Sahaya Mary worked in the fields from childhood until three years ago when she began working in the Madha reeling unit. As a mother of four, Sahaya realises the importance of a good education.
“I have worked in the Madha reeling unit for 3 years. I have 4 daughters. The oldest stopped studying at 12th grade and got married. Out of the others one is in the 9th grade, one is in 12th and the other one is in college,” says Sahaya proudly.
“I like this mill as it’s close to home, not time restrictive, pays us for performance and the boss is a good man. He is kind and he does not take us for a ride and neither do we,” she laughs. “He never gets violent and helps us with our issues outside the mill as well. I have a small piece of land but the rains have failed so work in this mill is very important and the work and employment are available year around.
I regret I never got an education but that chance did not exist for me and now I can only do manual or mill work. I lost my mother as a child and my father was not interested in sending me to school. So, I worked in the fields until 3 years ago when I found this mill. It is so much better to work here. As a coolie I earned about 30 rupees to 50 rupees a day. Now I earn up to 250 a day and I also own a cow so I sell milk.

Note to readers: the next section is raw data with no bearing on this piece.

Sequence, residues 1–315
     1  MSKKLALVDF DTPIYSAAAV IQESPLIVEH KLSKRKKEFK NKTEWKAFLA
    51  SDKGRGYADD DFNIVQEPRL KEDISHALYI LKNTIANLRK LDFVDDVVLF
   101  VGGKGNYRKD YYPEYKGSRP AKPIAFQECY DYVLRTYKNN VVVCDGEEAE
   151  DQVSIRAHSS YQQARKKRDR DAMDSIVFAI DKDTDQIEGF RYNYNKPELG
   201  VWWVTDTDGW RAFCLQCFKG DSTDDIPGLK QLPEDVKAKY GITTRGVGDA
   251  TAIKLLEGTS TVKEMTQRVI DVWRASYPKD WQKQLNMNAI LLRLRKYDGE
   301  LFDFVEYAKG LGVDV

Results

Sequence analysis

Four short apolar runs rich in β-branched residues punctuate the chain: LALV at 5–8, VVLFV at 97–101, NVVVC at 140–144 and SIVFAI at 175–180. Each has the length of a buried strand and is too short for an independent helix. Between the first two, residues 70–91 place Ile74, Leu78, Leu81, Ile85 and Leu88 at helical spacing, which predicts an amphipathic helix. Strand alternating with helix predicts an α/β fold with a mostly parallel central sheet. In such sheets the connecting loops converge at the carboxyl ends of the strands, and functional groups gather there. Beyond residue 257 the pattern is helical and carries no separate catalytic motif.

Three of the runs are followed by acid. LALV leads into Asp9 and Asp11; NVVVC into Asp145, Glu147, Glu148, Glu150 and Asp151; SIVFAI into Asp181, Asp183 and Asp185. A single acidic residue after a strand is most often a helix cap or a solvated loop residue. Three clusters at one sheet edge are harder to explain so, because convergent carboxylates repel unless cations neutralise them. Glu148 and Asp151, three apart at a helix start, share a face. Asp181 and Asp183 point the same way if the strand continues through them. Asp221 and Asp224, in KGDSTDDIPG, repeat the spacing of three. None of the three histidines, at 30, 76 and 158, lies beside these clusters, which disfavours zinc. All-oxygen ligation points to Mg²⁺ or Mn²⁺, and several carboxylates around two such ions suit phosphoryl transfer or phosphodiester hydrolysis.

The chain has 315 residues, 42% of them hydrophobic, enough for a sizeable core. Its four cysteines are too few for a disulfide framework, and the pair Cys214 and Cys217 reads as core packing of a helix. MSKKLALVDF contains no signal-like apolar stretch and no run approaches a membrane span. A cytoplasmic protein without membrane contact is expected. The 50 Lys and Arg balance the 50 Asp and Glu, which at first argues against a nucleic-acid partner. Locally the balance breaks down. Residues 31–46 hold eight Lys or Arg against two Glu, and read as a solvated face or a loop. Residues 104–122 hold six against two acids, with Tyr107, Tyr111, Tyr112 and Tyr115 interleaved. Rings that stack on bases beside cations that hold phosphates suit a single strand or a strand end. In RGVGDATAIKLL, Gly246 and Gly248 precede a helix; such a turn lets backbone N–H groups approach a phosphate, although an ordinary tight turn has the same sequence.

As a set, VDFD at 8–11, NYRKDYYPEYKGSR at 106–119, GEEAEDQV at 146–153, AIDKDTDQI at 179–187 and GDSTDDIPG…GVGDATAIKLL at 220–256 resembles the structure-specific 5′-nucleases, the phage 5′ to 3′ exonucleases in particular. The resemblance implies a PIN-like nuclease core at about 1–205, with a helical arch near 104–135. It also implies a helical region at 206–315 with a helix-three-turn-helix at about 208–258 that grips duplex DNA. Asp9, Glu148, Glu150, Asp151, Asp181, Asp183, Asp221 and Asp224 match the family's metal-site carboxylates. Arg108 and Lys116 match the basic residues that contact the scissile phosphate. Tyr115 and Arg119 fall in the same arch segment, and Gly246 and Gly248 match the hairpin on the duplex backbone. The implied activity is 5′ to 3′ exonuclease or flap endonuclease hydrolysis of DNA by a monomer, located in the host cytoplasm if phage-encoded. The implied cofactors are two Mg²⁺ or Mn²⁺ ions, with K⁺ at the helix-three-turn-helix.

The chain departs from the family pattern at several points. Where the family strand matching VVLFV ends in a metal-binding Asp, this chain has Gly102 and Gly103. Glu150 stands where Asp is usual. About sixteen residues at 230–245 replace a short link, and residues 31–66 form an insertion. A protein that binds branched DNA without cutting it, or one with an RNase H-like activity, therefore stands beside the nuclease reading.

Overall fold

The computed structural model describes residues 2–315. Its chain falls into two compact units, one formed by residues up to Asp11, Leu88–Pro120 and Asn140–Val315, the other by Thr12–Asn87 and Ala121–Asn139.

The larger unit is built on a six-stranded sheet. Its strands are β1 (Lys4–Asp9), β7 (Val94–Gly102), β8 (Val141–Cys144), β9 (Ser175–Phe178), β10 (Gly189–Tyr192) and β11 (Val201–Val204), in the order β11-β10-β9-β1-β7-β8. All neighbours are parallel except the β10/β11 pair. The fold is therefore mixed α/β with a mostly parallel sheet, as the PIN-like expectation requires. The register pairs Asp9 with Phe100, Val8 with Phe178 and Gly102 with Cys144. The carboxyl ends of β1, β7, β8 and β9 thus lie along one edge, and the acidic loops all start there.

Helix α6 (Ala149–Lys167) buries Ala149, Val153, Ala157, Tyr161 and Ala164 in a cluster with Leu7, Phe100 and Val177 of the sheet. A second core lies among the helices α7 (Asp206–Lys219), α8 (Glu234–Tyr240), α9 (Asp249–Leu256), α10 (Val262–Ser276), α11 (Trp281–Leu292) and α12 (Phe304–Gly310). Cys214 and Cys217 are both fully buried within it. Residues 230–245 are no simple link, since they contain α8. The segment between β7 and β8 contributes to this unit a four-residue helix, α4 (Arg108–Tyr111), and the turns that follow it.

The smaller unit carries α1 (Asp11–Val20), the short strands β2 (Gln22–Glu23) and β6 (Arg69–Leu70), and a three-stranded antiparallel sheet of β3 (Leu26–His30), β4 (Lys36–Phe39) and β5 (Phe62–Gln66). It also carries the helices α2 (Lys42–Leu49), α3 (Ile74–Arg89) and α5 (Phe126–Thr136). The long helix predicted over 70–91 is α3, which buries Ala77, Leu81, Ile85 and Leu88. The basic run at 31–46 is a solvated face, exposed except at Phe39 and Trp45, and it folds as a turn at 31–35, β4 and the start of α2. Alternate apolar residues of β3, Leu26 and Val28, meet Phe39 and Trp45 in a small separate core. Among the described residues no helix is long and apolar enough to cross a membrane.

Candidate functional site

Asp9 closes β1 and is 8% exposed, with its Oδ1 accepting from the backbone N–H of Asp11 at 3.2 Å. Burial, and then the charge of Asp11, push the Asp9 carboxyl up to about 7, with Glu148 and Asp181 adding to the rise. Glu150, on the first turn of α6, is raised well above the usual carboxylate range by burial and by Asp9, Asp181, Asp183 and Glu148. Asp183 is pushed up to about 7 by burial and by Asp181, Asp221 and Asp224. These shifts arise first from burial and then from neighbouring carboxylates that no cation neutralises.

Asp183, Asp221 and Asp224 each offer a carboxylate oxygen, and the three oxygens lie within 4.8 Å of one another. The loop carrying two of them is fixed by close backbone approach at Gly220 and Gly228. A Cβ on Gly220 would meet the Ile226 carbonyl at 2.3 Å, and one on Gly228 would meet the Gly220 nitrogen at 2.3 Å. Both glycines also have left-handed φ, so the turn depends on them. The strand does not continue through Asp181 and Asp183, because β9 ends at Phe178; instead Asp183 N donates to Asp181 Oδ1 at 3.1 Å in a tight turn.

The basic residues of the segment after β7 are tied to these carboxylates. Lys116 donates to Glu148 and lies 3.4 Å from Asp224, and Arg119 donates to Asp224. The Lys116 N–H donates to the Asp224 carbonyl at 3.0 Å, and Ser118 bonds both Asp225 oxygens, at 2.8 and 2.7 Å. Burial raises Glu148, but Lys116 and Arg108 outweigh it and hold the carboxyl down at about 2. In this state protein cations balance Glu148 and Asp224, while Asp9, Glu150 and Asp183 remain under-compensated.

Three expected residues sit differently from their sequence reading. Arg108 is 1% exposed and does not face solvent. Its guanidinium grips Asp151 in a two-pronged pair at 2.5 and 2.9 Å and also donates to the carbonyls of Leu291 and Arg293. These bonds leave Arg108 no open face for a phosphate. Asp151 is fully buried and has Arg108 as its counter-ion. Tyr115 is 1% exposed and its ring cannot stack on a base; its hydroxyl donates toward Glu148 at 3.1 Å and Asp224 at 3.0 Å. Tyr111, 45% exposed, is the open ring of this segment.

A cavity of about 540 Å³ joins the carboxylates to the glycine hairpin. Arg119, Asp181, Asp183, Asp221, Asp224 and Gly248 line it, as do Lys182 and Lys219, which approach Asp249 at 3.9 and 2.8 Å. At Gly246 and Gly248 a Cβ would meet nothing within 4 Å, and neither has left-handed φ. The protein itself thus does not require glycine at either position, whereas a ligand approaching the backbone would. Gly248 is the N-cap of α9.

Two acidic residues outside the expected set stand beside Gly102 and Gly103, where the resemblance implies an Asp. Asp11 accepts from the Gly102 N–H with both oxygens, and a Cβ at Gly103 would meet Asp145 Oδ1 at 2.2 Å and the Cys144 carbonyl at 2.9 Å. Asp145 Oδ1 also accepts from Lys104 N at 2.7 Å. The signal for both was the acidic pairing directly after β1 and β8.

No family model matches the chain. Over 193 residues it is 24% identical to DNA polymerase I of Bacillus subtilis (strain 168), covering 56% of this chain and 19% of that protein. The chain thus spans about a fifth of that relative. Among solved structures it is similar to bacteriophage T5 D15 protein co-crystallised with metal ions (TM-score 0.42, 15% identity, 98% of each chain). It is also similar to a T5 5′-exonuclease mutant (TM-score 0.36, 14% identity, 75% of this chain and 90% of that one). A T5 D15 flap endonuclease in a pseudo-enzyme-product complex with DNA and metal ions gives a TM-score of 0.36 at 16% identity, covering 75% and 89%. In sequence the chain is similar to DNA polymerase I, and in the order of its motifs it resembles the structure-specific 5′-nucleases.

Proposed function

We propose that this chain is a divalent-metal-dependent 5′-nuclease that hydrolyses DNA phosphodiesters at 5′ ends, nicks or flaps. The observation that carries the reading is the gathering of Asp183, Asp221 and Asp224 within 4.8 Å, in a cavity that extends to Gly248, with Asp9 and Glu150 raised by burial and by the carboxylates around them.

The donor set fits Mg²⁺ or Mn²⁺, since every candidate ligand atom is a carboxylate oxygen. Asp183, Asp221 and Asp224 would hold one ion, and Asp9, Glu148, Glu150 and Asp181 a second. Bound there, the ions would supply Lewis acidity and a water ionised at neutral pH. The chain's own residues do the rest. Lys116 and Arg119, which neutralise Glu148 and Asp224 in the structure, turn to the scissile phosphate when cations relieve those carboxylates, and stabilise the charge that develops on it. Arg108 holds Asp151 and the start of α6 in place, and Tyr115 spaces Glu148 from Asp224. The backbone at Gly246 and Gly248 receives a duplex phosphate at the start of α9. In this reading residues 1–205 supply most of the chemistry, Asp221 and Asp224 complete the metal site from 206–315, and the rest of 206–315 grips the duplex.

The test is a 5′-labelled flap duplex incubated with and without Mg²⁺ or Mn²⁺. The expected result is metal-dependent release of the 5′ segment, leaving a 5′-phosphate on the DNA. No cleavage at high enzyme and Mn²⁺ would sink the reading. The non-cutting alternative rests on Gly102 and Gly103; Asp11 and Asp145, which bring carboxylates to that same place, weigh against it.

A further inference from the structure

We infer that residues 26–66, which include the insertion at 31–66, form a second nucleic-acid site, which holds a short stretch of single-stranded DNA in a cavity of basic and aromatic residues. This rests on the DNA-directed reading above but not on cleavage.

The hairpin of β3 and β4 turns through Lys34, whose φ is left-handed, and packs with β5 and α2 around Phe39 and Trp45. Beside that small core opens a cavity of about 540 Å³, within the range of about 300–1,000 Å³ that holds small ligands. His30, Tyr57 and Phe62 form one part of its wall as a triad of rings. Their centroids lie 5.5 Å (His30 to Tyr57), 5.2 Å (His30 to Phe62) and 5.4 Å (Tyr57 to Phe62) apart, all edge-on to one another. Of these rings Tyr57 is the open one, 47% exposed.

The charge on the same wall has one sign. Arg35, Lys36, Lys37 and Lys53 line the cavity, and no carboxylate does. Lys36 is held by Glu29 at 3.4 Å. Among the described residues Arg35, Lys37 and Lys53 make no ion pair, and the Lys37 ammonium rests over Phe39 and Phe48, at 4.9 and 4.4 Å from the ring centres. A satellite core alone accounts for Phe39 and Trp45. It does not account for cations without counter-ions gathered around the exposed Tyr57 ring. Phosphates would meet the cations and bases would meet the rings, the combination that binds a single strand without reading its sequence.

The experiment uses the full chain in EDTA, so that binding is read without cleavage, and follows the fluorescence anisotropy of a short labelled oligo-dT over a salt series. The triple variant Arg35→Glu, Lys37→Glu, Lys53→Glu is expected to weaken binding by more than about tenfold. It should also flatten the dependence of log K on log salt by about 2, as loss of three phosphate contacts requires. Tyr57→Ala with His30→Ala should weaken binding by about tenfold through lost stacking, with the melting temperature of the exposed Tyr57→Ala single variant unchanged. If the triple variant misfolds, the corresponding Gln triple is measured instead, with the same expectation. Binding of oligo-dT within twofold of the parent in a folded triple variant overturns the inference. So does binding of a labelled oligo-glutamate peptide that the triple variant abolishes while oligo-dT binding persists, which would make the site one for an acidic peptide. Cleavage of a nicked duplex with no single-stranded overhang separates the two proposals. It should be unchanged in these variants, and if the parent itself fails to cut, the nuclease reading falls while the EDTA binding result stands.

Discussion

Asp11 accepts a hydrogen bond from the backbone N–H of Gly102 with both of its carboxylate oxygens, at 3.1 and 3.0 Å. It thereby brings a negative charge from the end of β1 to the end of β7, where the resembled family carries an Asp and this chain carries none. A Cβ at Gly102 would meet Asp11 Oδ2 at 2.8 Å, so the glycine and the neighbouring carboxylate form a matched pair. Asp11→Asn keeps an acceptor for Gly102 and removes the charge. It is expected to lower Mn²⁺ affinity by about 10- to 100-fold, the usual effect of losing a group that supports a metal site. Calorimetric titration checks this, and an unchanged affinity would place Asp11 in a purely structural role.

But God has been so good to me and has blessed me with the ability to feed my children and myself. I wish the world for them. I do not desire more. I wish all children can get an education. Education can free you. You must educate your children.”
“You must educate your children. My mother died when I was very young and I had to work in the fields as a child.”spinning mill worker in Southern India Sahaya Mary
Photographer Ryan Lobo’s poignant images of women in Southern India are now being exhibited on C&A Foundation’s new Instagram page.
Ryan has been travelling throughout Southern India to capture the stories of women working at cotton spinning mills, women who are former Sumangali workers (forced or bonded labourers in cotton spinning mills), and girls who are in programmes to prevent them entering into Sumangali.
Ryan is a gifted storyteller, photographer, cinematographer, and author. Through his images, he is documenting the day-to-day reality of the lives of the women who we work with in our signature programme to eradicate forced labour.
The pictures are part of a larger series which celebrates the people behind the clothes, and Ryan’s images shed light on their complex realities both at work and at home. Over the next two months, our Instagram will be featuring the work of five different photographers. Ryan is the second in the series. His first two images feature mother of four, Sahaya Mary.
For more, visit our Instagram page @candafoundation.